There are few people that can genuinely say that they love their job, but I am one of them. I never know what wonderful delight will appear in my mailbox. A case in point is Mark Evan Walker’s new book The Case Of The Blood Red Stars.

I first encountered Mark because of his outstanding art work in the award winning Runt Farm children’s books. Which incidentally would make a great Christmas present for any young reader. Reviews here and here.

Mark Evan Walker has spread his wings, yes his great illustration skills are still in play, but with Blood Red Stars he also flexes his writing muscles. Aimed at the Young Adult audience this is the first of a planned series of books under the Kelly Riggs Mystery umbrella.

His setting is London in the 1930’s, a world that consisted of the have’s and have not’s. His protagonist is detective Kelly Riggs, a debonair figure, loved by law abiding citizens and feared by those intent on a life of crime.

What makes Mark’s style unique and appealing is his use of historical and science fact with just a small dose of science fiction, or maybe just slightly stretching of the truth. There is a saying, the devil is in the details, and boy is this author good at them! As I read Blood Red Stars, time and time again I was transported back to my childhood in England. Minutiae that I had forgotten decades ago suddenly exploded back to life!

What is not to love about Bovril and Dinky cars? While no Dinky Cars were involved in this illustration, I think it sums up the remarkable skill of Mark Walker. In a single illustration he has encapsulated not just London, but the entire city in the 1930’s. As I said, the devil is in the detail. Old folks like me are drawn to what is not drawn. The edges are as much fun as the focal point.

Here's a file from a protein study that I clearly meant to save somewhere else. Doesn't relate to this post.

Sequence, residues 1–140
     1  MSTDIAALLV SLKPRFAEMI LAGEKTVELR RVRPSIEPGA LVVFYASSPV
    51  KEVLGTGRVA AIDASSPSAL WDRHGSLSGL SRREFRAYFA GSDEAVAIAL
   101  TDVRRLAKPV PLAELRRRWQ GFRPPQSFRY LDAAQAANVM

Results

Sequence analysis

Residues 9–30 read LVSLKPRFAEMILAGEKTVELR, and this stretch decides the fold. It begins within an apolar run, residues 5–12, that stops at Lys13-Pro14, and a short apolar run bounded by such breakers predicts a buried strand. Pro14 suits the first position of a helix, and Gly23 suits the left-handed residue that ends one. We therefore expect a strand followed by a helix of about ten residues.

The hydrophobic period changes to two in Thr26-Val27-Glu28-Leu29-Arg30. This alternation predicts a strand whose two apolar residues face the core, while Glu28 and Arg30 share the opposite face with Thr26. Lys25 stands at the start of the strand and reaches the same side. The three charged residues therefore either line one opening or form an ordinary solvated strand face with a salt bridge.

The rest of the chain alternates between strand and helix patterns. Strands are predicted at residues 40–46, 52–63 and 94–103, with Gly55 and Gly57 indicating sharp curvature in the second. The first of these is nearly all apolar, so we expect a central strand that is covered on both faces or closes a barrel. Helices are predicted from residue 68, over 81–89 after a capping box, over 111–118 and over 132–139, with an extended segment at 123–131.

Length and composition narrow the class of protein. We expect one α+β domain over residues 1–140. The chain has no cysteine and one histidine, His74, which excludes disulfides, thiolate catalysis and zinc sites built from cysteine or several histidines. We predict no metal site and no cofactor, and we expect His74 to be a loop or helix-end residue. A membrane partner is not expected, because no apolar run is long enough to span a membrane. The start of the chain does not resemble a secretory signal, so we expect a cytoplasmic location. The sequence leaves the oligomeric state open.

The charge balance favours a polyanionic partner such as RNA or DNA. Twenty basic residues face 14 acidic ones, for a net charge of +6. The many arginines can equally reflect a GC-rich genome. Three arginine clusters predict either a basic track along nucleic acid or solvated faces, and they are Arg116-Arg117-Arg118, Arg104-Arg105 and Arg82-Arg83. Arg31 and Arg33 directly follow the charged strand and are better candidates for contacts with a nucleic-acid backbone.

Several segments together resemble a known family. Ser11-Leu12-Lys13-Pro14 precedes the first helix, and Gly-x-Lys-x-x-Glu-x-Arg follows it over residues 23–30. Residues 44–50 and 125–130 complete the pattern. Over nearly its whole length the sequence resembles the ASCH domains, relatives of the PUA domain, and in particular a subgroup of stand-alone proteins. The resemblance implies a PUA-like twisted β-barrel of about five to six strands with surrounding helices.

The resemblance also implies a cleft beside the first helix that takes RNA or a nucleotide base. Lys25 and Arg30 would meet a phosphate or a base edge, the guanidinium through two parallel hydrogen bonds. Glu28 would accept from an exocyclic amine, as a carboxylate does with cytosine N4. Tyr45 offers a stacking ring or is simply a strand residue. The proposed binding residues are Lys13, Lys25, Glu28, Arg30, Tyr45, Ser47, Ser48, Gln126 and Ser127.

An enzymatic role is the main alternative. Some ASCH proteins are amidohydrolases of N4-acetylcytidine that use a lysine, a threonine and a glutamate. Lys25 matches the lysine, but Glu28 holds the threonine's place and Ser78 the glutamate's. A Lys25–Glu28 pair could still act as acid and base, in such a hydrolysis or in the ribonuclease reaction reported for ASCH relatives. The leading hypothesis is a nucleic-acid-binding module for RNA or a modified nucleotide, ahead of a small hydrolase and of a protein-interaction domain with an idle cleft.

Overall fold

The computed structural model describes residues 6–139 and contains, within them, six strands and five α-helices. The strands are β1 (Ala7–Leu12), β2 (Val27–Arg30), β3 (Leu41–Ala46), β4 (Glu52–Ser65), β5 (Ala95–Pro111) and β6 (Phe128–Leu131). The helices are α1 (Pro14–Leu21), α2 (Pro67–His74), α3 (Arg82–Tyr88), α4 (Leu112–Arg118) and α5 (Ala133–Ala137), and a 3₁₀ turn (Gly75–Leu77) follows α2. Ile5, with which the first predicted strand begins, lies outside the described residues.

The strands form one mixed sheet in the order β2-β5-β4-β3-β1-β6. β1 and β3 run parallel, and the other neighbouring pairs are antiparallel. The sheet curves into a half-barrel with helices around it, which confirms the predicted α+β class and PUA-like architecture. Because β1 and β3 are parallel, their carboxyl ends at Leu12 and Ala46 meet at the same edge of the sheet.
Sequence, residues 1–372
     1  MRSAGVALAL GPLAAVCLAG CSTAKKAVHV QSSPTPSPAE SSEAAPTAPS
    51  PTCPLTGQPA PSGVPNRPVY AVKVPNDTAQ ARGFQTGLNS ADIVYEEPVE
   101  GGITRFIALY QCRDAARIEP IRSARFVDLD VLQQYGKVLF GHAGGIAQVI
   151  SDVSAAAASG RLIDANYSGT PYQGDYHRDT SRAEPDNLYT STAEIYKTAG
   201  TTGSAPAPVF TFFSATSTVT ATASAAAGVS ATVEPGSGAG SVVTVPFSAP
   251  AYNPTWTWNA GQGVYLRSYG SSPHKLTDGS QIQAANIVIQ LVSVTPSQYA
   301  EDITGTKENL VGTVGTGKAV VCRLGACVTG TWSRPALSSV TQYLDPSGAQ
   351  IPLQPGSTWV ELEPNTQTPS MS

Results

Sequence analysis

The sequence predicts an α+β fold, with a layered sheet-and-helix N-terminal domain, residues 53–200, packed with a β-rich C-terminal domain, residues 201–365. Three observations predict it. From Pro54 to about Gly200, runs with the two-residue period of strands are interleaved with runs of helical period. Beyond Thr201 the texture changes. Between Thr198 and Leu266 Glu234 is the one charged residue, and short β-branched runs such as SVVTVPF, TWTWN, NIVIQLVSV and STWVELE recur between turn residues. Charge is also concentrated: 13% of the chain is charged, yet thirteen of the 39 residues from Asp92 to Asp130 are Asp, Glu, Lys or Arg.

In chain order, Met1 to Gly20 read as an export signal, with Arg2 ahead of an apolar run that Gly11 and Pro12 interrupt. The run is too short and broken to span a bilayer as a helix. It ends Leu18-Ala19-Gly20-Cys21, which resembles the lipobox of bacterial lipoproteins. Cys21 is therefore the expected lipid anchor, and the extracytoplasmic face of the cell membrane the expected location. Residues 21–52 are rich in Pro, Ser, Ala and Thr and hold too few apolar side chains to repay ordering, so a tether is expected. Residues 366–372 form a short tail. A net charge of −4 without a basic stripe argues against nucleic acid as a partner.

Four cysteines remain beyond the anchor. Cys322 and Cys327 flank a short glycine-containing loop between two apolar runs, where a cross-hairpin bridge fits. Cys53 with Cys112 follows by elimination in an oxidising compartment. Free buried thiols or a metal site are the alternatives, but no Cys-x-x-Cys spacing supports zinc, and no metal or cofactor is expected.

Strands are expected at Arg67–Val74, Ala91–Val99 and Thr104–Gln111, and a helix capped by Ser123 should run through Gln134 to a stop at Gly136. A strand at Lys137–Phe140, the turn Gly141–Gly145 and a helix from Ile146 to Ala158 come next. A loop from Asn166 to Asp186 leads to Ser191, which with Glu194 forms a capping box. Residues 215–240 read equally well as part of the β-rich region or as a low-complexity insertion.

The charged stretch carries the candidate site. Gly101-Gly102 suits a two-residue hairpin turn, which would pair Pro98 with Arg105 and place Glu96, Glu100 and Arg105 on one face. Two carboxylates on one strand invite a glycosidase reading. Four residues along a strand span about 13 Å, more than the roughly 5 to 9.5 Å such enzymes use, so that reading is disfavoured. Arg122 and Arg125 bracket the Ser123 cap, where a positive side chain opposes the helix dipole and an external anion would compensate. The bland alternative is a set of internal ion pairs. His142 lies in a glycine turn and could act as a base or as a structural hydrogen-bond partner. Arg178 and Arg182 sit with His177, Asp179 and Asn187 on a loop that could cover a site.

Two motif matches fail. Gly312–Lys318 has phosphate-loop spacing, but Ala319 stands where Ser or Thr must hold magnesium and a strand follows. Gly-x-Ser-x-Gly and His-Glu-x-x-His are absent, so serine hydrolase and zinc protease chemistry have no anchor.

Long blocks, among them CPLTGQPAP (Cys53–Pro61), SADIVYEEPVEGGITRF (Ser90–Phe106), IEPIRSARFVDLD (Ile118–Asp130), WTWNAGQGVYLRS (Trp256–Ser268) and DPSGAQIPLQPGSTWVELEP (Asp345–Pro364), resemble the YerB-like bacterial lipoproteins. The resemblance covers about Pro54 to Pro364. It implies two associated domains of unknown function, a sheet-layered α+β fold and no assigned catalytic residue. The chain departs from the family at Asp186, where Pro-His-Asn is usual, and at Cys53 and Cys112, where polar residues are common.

Kelly Riggs and his team from Scotland Yard become involved in a very strange case that starts one November afternoon in St James Square. This was a popular spot to take a stroll in, street busker’s played, and pick pockets plied their trade.

This afternoon was a little different, rarely did violence enter the world of the 1930’s street thief. The key to success was stealth and speed, not brute force and blood. On this day though the rules changed. The straight laced somewhat dour librarian known as Miss Chillgrass is knocked to the ground by a mysterious black clad woman. A widow in mourning?

Although there were many people in St James Square, only a young nanny, Brendalynn Welles and her two young charges, Michael and Jenny Prescott witness the event.

Kelly Riggs is used to strange cases, but this is one that even he has trouble with. Why would a woman in mourning possibly attack a harmless librarian? Kelly Riggs only has one clue, as the assailant bent over the unconscious Miss Chillgrass young Jenny had seen a glimpse of something red.

With little to go on, Kelly Riggs must wait for the Librarian to become conscious. Maybe she has the answers, or at least some clues. The next day bodes ill for Kelly Riggs, the Black Widow has struck again, Miss Chillglass will never answer any question again.

Can the great detective Kelly Riggs solve the mystery?

I think it would be unfair to reveal any more of the plot. That is for the reader to discover.

The Case Of The Blood Red Stars is a very entertaining book. While it certainly is aimed at the teenage audience, I have to say that an Old Codgers like myself  can enjoy it a great deal.

Mark Evan Walker also includes a taster of his next book Death At The Edge Of The World.

This is an author that has some great potential. His writing as as wonderful as his illustrations.

I also recommend that you check out his web site

Simon Barrett

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